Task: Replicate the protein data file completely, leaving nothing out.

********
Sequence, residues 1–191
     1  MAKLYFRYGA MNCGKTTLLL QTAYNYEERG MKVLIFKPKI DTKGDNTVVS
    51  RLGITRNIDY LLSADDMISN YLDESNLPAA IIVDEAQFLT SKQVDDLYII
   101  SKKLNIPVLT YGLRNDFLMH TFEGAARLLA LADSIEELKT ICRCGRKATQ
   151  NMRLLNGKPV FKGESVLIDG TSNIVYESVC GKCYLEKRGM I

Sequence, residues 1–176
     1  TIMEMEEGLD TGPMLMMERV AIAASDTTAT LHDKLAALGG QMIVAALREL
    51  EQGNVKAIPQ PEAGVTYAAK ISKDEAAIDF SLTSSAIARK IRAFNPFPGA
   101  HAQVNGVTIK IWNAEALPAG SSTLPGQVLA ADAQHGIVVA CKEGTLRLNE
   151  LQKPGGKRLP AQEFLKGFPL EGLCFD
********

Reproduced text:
Sequence, residues 1–191
     1  MAKLYFRYGA MNCGKTTLLL QTAYNYEERG MKVLIFKPKI DTKGDNTVVS
    51  RLGITRNIDY LLSADDMISN YLDESNLPAA IIVDEAQFLT SKQVDDLYII
   101  SKKLNIPVLT YGLRNDFLMH TFEGAARLLA LADSIEELKT ICRCGRKATQ
   151  NMRLLNGKPV FKGESVLIDG TSNIVYESVC GKCYLEKRGM I

Sequence, residues 1–176
     1  TIMEMEEGLD TGPMLMMERV AIAASDTTAT LHDKLAALGG QMIVAALREL
    51  EQGNVKAIPQ PEAGVTYAAK ISKDEAAIDF SLTSSAIARK IRAFNPFPGA
   101  HAQVNGVTIK IWNAEALPAG SSTLPGQVLA ADAQHGIVVA CKEGTLRLNE
   151  LQKPGGKRLP AQEFLKGFPL EGLCFD